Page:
The same trio of fourth grade girls that ask for high fives called out to me excitedly in the lunch line. I gave them more high fives and they told me I’m pretty. Win win.
One from the trio caught up with me on the stairs later and asked me an interesting question in Korean.
“Are you a foreigner?” She posed politely.
“Am I a foreigner?” I repeated, to make sure I wasn’t misunderstanding this conversation. She confirmed.
“Yes, I am. I’m American.”
“Yes,” I answered, holding back a laugh. She was cutely serious so I asked her why.
“You’re the first foreigner I’ve ever met.”
“Really? You didn’t meet one in third grade?”
I have no idea why she needed to confirm that I was a foreigner, given my obvious foreignness, but ten year olds have 4D thought patterns.
I did action reading (each word in a sentence is assigned a movement like clap or spin) with fourth grade and a group of boys giggled so hard doing spins and jumps while reading they couldn’t get the words out.
“Wow, that was… interesting.” I commented. One kid caught on to the nuance and laughed then explained to her nearby classmates what I had said.
Fifth grade did even better with active reading and wore themselves out to the point of breathlessness. I had four levels, the last of which combined three moves at once per word.
After tiring them out, they drew a three panel comic of their summer plans. As usual there was “I’ll kill the people” or some other form of exaggerated violence which is not as controversial as the kids thinks. If you want to shock me, you can spell correctly.
One sweet, quiet girl wrote “What will you do this Christmas? I’ll go to church.” Another two higher level girls wrote about going to Hogwarts and meeting “handsome Draco Malfoy” which, girls, I have news for you…
Anyway, all the fifth graders (well, the two problem classes are next week) did well so I’m happy. I was surprised how well they could read given how tough English is for my travel school kids.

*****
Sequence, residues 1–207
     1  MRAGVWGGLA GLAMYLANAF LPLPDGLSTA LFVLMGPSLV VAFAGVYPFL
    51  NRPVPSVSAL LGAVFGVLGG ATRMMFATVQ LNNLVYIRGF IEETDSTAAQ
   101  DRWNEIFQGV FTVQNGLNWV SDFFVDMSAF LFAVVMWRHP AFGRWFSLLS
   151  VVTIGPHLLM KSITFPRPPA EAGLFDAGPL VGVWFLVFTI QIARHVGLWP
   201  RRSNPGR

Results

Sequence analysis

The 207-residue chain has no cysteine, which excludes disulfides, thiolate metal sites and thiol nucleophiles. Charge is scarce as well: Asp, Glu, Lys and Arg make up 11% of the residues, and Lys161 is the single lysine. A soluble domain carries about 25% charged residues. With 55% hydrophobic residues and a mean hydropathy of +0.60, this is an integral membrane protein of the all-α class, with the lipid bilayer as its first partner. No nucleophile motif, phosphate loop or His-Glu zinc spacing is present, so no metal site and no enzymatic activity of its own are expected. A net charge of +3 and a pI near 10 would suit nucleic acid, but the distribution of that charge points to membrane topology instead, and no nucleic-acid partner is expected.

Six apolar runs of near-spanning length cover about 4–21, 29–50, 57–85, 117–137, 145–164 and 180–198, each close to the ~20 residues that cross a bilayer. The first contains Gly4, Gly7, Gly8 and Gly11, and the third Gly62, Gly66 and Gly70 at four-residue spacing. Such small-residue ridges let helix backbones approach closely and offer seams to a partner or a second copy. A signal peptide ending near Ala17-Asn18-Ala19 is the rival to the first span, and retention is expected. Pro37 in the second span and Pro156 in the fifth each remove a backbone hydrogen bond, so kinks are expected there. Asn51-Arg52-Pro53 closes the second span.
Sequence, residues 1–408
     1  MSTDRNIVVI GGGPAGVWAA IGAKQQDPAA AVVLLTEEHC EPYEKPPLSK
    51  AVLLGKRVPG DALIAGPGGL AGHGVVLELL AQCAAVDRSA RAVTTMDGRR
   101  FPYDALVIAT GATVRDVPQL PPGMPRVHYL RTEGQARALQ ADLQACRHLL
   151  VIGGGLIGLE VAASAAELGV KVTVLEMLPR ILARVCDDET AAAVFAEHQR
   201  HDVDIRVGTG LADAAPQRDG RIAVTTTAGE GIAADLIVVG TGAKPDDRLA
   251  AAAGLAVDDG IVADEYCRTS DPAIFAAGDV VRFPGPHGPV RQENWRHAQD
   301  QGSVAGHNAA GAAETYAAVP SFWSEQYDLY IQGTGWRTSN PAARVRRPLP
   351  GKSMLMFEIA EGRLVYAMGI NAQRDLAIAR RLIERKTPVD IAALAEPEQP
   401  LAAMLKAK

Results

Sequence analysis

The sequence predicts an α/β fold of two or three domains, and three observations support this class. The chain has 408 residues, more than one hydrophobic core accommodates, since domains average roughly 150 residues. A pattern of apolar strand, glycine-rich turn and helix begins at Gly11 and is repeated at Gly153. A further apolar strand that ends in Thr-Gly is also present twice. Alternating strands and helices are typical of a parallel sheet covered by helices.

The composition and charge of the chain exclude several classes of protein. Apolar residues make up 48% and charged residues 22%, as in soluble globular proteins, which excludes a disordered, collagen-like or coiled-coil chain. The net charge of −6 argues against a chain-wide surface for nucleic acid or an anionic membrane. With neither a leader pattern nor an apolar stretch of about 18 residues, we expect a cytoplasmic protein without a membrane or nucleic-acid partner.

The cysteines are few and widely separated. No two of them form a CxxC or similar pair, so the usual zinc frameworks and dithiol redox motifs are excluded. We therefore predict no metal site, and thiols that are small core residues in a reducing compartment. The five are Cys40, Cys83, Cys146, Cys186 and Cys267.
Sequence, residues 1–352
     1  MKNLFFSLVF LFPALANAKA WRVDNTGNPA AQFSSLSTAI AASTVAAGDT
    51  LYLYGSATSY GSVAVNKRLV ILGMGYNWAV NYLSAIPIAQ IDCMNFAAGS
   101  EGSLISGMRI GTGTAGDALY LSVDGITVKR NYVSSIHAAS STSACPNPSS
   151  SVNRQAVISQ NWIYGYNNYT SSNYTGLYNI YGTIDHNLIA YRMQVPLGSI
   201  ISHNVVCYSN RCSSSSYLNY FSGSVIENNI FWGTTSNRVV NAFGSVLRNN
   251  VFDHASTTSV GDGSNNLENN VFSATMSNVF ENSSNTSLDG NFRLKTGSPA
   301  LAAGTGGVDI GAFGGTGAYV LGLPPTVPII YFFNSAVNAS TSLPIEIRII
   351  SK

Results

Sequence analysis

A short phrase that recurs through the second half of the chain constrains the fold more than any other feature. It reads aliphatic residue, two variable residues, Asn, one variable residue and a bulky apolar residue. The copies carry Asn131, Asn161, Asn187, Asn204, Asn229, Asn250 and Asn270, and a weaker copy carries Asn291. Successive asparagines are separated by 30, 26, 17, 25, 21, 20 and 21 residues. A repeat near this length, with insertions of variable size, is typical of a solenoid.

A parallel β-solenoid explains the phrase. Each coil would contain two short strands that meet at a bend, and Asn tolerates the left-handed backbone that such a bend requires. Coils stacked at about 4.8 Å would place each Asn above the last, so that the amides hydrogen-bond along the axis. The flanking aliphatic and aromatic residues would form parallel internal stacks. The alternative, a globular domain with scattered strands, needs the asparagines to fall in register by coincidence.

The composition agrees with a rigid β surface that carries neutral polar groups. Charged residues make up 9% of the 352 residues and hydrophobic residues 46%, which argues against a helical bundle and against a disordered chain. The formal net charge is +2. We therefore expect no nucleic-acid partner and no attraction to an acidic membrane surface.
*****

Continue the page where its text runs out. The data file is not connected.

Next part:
In all the commotion I didn’t notice until the afternoon that “up” had suddenly appeared in black sharpie on my USB to indicate proper orientation. I figured the only culprit was the 5-4 teacher. She once changed my PowerPoint sentence (that was already correct).
It’s something I’ve been meaning to do anyway but it’s amusing she’s involved to this extent. I think a long past me would be offended but post COVID me has bigger fish to fry.
And the other morning when I was coming into school I heard a quiet “good morning” and to my great surprise it was the 5-6 teacher. Good to know she doesn’t hate me? Ha.
I try to incorporate as much comic drawing and role playing as possible to get my kids as comfortable as possible speaking. This was further bolstered by a message I received in the foreign teacher group chat. One departing teacher was collecting advice from her coworkers and the Korean science teacher had advised the next foreign teacher not to feel sad if people at school seem unfriendly.
Koreans basically have a fear of English. I think because Koreans have a strong sense of community and value what others think of them so they might be ashamed of themselves for not being able to speak English….
They also tend to avoid talking to foreigners. They don’t hate you, so you can approach them first. They might feel uncomfortable and answer incorrectly but they will talk to you.
Ah yes, my favorite pastime: forcing people to small talk in their non native language. Remember when I talked to the English fluent admin and she got so nervous her chin started to shake and then she never spoke to me again? Good times.
I don’t want my kids to grow up with that mentality, though I’m not sure it can be avoided given the nature of higher level English education. Regardless, I’ll do my best to instill speaking confidence now.